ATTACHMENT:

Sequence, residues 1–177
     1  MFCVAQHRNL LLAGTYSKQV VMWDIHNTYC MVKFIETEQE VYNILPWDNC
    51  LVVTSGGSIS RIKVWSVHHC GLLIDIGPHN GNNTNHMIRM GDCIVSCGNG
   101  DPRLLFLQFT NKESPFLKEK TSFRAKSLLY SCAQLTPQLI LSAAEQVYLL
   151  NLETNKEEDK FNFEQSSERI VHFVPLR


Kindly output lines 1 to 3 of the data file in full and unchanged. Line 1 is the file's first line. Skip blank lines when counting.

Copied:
Sequence, residues 1–177
     1  MFCVAQHRNL LLAGTYSKQV VMWDIHNTYC MVKFIETEQE VYNILPWDNC
    51  LVVTSGGSIS RIKVWSVHHC GLLIDIGPHN GNNTNHMIRM GDCIVSCGNG